What is it that enables us to survive and what renders us "incapable of functioning"? In his poignant story of a blind man groping his way, alone, through the darkest of places, Tamas Dobozy explores complex "intersections of need". At the heart of other pieces is not the functioning of an individual but a city itself, such as in Rana Dasgupta's tale of Delhi.
How sources of power can be paradoxically destructive is documented visually in Mitch Epstein's striking photographs of "the grim reality of American power", showing black smoke churning into the sky. Jackie Kay's protagonist fuels herself with whisky, Kenzaburo Oe's narrator clings to "soporific cold medicine", while Rupert Thomson's piece is fuelled by the tale of an eccentric uncle who lives on boiled rice and Benson & Hedges.
How painful it is when people stop functioning at all is evoked in a moving poem by Sam Willetts, with "Dad/dead", rhymes curdling around "dead/lead". "His absence is brute/absurdity". The absurdity of missing things and the eerie line separating the human and inanimate is a concern in other compelling pieces. In "Don't Touch Me", Lionel Shriver explores her love of sculpture, which is both burden and liberation. In a deserted studio, powered by listening to Kate Bush, she builds sculptures in poses ranging through doleful, pensive, exhausted, despairing and defiant. Only when one of them is accidentally smashed by a plumber and she regrettably unleashes her rage does she investigate the roots of this attachment.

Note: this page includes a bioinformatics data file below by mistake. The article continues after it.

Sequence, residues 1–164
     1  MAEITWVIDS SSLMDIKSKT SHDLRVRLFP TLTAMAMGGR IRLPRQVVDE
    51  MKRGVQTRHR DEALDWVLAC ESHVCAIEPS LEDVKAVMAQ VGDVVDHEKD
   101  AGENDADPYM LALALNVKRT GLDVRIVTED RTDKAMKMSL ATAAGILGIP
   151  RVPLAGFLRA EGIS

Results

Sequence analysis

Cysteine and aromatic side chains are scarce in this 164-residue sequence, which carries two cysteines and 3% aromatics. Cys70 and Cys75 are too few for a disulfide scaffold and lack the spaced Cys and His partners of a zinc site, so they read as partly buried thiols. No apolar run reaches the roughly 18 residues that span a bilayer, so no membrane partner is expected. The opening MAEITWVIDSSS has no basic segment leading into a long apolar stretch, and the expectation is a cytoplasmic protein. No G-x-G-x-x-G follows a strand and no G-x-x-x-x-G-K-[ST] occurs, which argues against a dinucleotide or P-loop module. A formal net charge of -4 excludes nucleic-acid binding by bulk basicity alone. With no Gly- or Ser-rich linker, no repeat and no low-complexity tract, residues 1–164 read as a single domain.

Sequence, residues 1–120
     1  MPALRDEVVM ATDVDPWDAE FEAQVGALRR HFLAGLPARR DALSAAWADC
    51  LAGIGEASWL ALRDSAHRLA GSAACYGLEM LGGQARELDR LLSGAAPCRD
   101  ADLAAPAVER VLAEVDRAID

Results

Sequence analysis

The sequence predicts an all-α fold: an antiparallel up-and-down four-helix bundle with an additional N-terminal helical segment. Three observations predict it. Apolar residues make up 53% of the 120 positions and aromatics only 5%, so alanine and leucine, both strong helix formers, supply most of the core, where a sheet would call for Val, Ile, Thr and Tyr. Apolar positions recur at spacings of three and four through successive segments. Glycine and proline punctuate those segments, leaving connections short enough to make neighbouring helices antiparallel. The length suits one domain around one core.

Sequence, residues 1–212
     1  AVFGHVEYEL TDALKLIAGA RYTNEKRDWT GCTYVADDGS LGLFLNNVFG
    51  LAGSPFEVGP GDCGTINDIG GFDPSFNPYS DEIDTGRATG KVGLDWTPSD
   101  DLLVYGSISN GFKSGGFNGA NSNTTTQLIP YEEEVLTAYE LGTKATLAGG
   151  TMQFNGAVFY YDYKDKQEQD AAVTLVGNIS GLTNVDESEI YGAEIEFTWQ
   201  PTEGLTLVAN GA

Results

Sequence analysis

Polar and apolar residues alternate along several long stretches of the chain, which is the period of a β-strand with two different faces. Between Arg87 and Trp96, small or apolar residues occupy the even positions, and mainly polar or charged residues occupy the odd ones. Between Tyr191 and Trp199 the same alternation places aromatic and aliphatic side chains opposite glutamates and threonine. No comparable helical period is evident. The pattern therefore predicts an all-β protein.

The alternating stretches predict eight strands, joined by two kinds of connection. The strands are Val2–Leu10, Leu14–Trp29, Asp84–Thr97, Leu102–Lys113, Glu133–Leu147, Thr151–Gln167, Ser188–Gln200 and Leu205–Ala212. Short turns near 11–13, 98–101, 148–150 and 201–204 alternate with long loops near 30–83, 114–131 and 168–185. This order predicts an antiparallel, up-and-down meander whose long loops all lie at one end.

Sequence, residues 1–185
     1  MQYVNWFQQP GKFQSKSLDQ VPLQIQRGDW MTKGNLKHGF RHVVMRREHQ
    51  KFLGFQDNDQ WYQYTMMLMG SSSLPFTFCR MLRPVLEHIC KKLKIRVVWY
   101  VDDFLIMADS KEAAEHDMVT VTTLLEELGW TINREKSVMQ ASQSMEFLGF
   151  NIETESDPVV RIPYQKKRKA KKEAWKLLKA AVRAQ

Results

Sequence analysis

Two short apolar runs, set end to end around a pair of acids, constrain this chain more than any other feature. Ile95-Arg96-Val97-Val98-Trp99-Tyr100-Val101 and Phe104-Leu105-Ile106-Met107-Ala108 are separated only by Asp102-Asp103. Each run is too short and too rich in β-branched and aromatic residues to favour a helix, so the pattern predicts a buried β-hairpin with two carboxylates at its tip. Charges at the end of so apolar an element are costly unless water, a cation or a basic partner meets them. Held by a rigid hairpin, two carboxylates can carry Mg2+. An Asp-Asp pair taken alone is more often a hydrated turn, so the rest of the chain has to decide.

From the "energy landscape" to emotional and psychic terrains, this is a far-reaching collection, probing those intersections of need; asking, as does Terence Holt, when it is a sign of weakness to need, and the question captured in Mahmoud Darwish's journals: "What's it all for?"